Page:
Posts Tagged ‘New York Public Library’
April 29, 2015 | by Dan Piepenbring
- When he was in his early seventies and gravely ill, Goya began a series of private drawings, full of piss and vinegar and intended to amuse his friends—among them were pictures of naked witches, newborn babies tied to poles, and a procuress fingering her rosary and slugging some rotgut. “The captions are minimal: ‘Monk,’ ‘Nothing is known of this,’ ‘I can hear snoring’ … Goya’s drawings may leave us up in the air, filled with a disquieting unease. Yet in the end, the witches and old people are tokens of life, not death—even the tired, ancient man shuffling on his sticks, mockingly captioned Just can’t go on at the age of 98.”
- By piecing together years of letters, diaries, and newspapers, one scholar believes she’s discovered the man who inspired Pride and Prejudice’s Mr. Darcy. She noted, for instance, “that the physical similarities between the Earl and the description of Darcy are ‘obvious,’ with the former looking ‘very intense.’ ” An airtight case.
- In Park Slope, Brooklyn, for thirty-five years, a gated storefront hid an artist’s studio. “Behind the black gate was a world of color, hundreds of abstract works created and hidden away by Mr. [Leo] Bates, who had a promising start as a painter in the 1970s before renouncing the art world and retreating to his storefront to paint.”
- Eight rare books, including one by Benjamin Franklin, had long-ago disappeared from the New York Public Library. A woman who recently tried to sell them to an auction house “said the books have been in her family for decades, and there’s no proof that her late parents obtained the books illegally.”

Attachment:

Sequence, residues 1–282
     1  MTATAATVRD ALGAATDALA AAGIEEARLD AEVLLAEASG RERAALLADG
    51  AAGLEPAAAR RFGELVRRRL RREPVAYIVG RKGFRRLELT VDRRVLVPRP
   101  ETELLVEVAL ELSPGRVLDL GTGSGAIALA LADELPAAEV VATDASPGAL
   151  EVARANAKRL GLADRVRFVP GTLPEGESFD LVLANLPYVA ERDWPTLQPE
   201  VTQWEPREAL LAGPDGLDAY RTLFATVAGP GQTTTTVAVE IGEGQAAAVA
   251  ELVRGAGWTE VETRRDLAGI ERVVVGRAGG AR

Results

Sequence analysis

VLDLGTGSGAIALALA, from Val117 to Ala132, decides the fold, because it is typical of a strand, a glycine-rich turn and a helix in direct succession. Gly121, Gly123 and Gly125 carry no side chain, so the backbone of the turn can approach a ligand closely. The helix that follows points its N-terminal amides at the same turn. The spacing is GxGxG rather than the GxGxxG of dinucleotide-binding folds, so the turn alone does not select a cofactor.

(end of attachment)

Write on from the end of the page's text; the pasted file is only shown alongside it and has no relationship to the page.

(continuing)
- Everyone loves a good sentence—and clauses, subordinate or not, are beloved throughout the land—but what of the paragraph, that other indispensible unit of prose? Why do we speak so often of “a great writer of sentences” and so rarely of “a great writer of paragraphs”?
September 12, 2014 | by Dan Piepenbring
The Paris Review has recently published two stories by Ben Lerner, who won our Terry Southern Prize this year: first was “False Spring” (issue 205) and then “Specimen Days” (issue 208). Both are excerpts from his excellent new novel 10:04. If you’ve opened a newspaper or book review in the past month, you’ve likely encountered rhapsodic praise for 10:04. The Wall Street Journal wrote, “Mr. Lerner packs so much brilliance and humor into each episode … this brain-tickling book imbues real experiences with a feeling of artistic possibility, leaving the observable world ‘a little changed, a little charged.’” In The Times, Dwight Garner wrote that Lerner is “among the most interesting young American novelists at present,” and in Bookforum, Christian Lorentzen called 10:04 “a beautiful and original novel … it signals a new direction in American fiction.” NPR said that it’s “strange and spectacular … Don’t even worry about classifying it; just let Lerner’s language sweep you off your feet.”
And why not let that sweeping happen in person? Next Tuesday, September 16, Lerner will appear at the New York Public Library in conversation with Paul Holdengräber—it’s sure to be an expansive interview, and we’re giving away two front-row seats. (For proof of Holdengräber’s conversational acumen, check out his Art of Nonfiction interview with Adam Phillips, which we published in our Spring issue.)
For a chance to win, retweet our announcement below before three P.M. EST today. We’ll select two winners at random. Bonne chance!
We have two free front-row tickets to Tuesday’s @LIVEfromtheNYPL event with Ben Lerner. Retweet by three P.M. EST today for a chance to win!
— The Paris Review (@parisreview) September 12, 2014
August 21, 2014 | by Sadie Stein
While browsing the New York Public Library’s menu archives—a fine way to pass a few hours—a friend of mine ran across this document, from a 1919 insurance pamphlet called “Why Read?”, and rightly supposed it would be of interest to me.